Pork-Barrel-figures-2008-2014In my article, “P-Noy chops pork, keeps the bacon”(August 26, 2013), I wrote: “P-Noy should stop blaming Gloria for all his problems. While it may be true that the pork barrel scam ran by Janet Lim-Napoles started during Gloria’s time, it did not end when P-Noy ascended to the presidency. In fact, the COA report shows that the pork barrel scam increased in volume and more lawmakers – 12 senators and 180 congressmen – were involved in raiding the PDAF funds and splitting the funds 70-30 with the lawmakers getting the lion’s share.“But blaming Gloria is not going to work this time around. Department of Budget and Management (DBM) records show that in 2010, Gloria’s last budget year, PDAF was P6.9 billion. The following year, with P-Noy having full control of the budget, he could have pared down the PDAF allocations. But instead, PDAF allocations took a quantum leap. In 2011, PDAF more than tripled from 2010’s P6.9 billion to P22.3 billion! In 2012, it was increased to P24.89 billion. It was for the same amount in 2013. But in 2014, PDAF will increase to a record P27 billion!”
Open letter to P-Noy to abolish presidential pork barrel
Open letter to P-Noy to abolish presidential pork barrel
But due to the heat created by the pork barrel scandal, lawmakers from both chambers of Congress decided to forego their PDAF allocations in favor of earmarking these allocations directly to government departments needing them.  In other words, they couldn’t dip their dirty hands into the cookie jar anymore.  It remains to be seen, though, if this “reform” would work.  The greedy always find ways to beat the system.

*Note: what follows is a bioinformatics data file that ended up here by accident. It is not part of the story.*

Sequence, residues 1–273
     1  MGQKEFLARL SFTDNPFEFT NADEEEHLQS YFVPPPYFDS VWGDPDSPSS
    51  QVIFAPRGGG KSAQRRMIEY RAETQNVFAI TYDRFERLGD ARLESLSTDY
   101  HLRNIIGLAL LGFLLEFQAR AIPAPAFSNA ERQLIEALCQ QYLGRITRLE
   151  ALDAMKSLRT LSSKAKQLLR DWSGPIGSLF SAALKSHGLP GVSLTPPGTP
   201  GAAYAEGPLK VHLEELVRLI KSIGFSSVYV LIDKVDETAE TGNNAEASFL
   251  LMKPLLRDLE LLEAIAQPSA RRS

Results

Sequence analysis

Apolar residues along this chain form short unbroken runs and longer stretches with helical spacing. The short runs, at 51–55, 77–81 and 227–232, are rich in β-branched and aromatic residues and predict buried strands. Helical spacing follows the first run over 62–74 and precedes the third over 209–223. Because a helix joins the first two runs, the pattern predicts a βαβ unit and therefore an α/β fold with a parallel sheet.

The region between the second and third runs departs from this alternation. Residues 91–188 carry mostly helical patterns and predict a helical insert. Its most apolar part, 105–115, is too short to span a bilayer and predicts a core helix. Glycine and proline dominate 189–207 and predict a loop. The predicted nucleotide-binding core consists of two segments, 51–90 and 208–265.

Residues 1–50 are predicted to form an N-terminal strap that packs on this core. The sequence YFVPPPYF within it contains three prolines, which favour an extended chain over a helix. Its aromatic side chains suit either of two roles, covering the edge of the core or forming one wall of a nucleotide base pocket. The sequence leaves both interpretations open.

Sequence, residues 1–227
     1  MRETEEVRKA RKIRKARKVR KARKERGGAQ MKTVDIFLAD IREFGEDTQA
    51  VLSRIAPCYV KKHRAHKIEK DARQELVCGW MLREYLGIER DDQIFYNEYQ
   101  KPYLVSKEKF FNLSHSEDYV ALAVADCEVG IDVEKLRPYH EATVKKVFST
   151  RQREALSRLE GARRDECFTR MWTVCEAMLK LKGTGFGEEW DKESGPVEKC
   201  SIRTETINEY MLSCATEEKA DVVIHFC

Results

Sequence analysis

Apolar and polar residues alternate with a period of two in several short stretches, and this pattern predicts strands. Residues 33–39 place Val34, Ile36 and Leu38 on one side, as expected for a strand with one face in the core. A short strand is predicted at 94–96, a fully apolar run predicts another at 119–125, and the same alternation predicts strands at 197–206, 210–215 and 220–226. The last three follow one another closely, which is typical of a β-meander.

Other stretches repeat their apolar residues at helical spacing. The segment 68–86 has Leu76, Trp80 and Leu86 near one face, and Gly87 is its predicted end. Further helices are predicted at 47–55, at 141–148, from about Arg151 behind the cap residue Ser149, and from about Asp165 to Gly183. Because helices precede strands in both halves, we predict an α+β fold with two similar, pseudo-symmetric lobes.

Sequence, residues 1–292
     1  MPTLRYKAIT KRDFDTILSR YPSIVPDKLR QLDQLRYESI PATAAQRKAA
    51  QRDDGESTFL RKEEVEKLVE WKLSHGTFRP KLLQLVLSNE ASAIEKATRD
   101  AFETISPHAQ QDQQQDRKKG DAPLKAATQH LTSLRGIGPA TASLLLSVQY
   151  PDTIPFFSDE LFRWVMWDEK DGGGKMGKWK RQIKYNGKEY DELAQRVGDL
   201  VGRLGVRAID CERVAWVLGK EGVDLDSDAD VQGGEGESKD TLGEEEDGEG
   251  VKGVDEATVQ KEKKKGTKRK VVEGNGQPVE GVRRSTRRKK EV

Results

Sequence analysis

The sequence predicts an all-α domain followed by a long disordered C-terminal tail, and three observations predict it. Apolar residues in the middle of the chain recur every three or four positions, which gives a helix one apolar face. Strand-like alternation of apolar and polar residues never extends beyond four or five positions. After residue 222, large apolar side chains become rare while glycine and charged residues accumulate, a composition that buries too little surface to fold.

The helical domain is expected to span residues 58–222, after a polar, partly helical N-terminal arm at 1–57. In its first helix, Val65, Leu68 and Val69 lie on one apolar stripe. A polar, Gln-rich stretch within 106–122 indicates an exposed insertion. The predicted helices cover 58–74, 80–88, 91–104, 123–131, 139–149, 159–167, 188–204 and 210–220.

But how about P-Noy’s P1.3-trillion pork?  That’s a lot ofmoolah under his absolute control.  In essence, he can move or redirect all or part of these lump sum allocations to projects of his choice and Congress couldn’t do anything about it.  In other words, Congress no longer has the “power of the purse.”  P-Noy usurped it. 
It comes as no surprise then that the national uproar over the humongous presidential pork barrel is growing fast and could reach critical mass any time soon. But so far, P-Noy is resisting calls for him to let go of his pork.  But how long can he hold on?
Ultimately, P-Noy has to deal with the scourge of our times: war in Mindanao and plunder in the government. That’s the price of leadership.  It’s called command responsibility.

The Putin Doctrine: ushering in a new cold war

By Yehuda Lukacs
McClatchy-Tribune News Service 
Vladimir-Putin.7The civil war in Syria has ushered a new cold war between Russia and the United States. President Vladimir Putin is now challenging President Barack Obama in the heart of the Middle East, a region the United States has considered as its own sphere of influence since the collapse of the Soviet Union. The Russian president perceives an America in decline and believes Russia ought to be considered at least as equal to the United States, and China.
For Russia, Syria today is similar to what the countries of the Warsaw Pact were during the old Cold War; Syria has been a loyal client state since the 1950s, and maintaining the Assad regime in power has become a top national security interest. It is also an opportunity to demonstrate to the world that Russia stands by its friends, unlike the United States, which abandoned President Hosni Mubarak of Egypt in 2011.